Kenyan budget carrier Jambojet will start cargo operations next month after receiving regulatory approvals from the aviation regulator to fly goods on its passenger flights on both local and regional destinations.
The airline, a subsidiary of Kenya Airways (KQ), said on Tuesday that cargo operations starting in the second week of February will target regional routes such as Goma in the Eastern Democratic Republic of Congo.
Jambojet, which has been in operations since April 2014, will also ferry cargo to its local markets that include Kisumu, Mombasa, Eldoret and Malindi.
It will use the Dash 8-Q400 type of aircraft that it is currently used to ferry passengers on its routes to transport cargo on its routes.
The flight type that can accommodate up to 78 passengers can carry up to 1.2 tonnes of cargo on a single trip.
“Jambojet has received regulatory approvals from the Kenya Civil Aviation Authority (KCAA) to start ferrying cargo across local and regional markets where we operate and we are set to start next month,” said Jambojet managing director Karanja Ndegwa in an interview with Business Daily yesterday.
He said that cargo transported in the domestic market weighing 45 kilogrammes and above, 100 kilogrammess and above and 250 kilogrammes and above will cost $45, $60 and $70, respectively.
Cargo transported in the domestic market such as Mombasa that weighs less than 45 kilogrammes will attract a fee of $35.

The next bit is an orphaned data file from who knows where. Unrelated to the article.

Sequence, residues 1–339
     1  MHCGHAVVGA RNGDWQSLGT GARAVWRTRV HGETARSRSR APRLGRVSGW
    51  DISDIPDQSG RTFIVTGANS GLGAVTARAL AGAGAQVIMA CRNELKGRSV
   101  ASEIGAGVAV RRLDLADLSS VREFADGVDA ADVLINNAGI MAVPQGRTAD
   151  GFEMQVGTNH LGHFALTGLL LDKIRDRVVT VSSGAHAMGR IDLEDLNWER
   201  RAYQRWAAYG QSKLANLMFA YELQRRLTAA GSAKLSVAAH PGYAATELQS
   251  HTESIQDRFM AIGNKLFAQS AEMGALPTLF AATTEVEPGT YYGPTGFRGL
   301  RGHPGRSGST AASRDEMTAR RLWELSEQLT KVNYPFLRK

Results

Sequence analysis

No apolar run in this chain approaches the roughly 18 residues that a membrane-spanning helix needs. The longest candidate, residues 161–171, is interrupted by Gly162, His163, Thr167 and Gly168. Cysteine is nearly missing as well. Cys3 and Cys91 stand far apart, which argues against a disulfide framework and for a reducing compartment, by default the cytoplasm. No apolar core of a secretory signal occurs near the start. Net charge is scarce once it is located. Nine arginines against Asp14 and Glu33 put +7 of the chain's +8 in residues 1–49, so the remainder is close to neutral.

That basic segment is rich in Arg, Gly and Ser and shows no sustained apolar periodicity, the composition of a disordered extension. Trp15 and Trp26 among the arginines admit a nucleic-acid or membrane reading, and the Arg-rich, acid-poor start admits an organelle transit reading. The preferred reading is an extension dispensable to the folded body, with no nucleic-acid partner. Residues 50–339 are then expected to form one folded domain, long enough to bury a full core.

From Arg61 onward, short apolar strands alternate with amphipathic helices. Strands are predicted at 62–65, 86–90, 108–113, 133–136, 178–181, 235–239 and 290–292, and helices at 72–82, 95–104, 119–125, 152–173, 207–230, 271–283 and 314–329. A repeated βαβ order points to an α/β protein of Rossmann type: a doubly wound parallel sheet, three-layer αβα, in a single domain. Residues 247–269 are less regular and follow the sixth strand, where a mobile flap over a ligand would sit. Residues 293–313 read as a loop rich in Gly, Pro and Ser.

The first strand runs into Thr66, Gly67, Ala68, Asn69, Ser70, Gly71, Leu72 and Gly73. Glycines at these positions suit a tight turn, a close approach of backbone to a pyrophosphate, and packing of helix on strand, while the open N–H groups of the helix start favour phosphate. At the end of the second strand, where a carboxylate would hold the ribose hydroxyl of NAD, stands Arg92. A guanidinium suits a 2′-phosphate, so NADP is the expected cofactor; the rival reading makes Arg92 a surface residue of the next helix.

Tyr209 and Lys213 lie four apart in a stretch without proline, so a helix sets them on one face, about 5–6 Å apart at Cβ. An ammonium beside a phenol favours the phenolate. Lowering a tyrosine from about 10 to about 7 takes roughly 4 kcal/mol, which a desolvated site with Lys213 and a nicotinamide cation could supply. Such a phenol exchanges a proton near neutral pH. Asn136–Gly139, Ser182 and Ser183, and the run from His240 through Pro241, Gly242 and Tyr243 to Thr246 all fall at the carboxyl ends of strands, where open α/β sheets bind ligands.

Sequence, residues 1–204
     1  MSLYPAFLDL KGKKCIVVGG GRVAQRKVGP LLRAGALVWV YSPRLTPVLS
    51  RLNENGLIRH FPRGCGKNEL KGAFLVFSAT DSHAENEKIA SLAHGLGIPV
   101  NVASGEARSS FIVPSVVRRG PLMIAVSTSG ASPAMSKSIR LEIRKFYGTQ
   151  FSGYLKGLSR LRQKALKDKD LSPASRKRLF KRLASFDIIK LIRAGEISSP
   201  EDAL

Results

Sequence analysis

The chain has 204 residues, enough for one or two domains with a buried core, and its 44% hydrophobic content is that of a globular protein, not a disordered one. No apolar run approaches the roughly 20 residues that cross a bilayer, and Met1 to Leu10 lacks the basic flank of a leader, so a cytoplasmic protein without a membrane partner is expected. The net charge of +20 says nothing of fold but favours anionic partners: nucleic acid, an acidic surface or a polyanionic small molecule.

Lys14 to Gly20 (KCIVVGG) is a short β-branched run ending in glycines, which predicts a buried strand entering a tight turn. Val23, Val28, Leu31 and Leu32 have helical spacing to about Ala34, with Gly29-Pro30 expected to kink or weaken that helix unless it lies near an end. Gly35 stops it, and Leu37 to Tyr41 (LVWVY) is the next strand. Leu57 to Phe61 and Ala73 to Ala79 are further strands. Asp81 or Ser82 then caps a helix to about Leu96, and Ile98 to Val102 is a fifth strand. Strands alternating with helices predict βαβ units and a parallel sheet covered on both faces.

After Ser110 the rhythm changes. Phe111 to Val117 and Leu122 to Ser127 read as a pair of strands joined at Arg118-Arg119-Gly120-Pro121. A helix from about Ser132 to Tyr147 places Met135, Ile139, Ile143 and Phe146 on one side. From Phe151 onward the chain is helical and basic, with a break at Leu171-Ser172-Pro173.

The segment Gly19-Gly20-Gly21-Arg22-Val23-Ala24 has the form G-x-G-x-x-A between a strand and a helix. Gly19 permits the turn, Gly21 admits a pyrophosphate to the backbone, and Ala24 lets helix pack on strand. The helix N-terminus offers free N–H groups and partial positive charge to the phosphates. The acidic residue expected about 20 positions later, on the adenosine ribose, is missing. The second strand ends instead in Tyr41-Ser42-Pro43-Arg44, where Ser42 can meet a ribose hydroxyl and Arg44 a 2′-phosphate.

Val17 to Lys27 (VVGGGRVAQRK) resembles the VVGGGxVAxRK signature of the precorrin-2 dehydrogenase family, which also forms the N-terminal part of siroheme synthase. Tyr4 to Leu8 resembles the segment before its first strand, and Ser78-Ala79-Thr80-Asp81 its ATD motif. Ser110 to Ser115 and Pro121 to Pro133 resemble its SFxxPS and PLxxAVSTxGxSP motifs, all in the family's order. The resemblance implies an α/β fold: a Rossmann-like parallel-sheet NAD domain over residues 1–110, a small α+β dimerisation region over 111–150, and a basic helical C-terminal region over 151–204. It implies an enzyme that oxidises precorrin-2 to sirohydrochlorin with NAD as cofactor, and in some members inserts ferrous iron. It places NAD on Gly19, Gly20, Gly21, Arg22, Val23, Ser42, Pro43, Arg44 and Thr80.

Cargo from Nairobi to Goma that weigh less than 45 kilogrammes will attract a fee of $100.
Those measuring 45 kilogrammes and above, 100 kilogrammes and above, 250 kilogrammes and above, 500 kilogrammes and above and 1,000 kilogrammes and above will attract a fee of $2.30, $2.26, $2.10, $2.05 and $2, respectively.
“The charges exclude third party charges which include handling and screening payable directly to the ground handling agents,” said Mr Ndegwa.
Jambojet currently has passenger operations in routes such as Mombasa, Kisumu, Eldoret, Lamu, Ukunda, Malindi and Nairobi.
The carrier flew 730,000 passengers last year out of a total target of 855,000 passengers. This was mainly in partnership with hoteliers and other tourism players in Coast that saw it offer low-cost tickets and packages to increase its market share.
It shelved plans to restart direct flights to Entebbe and Kigali last year due to strict Covid-19 containment measures, which have reduced demand on the route.
The airline plans to start cargo business on both local and regional routes barely a few months after it launched operations on the Goma route.
Jambojet started flying the route on September 10, becoming the first airline to directly connect the capital of North Kivu province and Nairobi.
The carrier said that passengers heading to Goma in the Eastern Democratic Republic of Congo will pay an average fare of Ksh43,749 ($384.95) on a return ticket.
A one-way ticket will initially cost $190 from Goma but $207 from Nairobi.
DRC market is currently served by the national carrier Congo Airways, which flies to eight domestic destinations, including Goma, Kinshasa and Lubumbashi.
The DRC route is becoming one of the favourite routes for carriers with airlines taking advantage of poor connectivity in that market.
Kenya, just like many other countries, is looking to leverage on the DRC market by diversifying its export destinations, particularly at a time the Covid-19 induced disruption has brought into focus the need for deeper inter-regional trade.
The airline is taking advantage of the huge opportunities the African market has to offer and the rising demand for air connectivity in the region.
“There is a growing demand for air transport across the continent, with the International Air Transport Association projecting that Africa will become one of the fastest-growing aviation regions within the next 20 years, with an average annual expansion rate of almost five per cent. We, as Jambojet, are keen to be part of this growth,” said Jambojet in a past interview.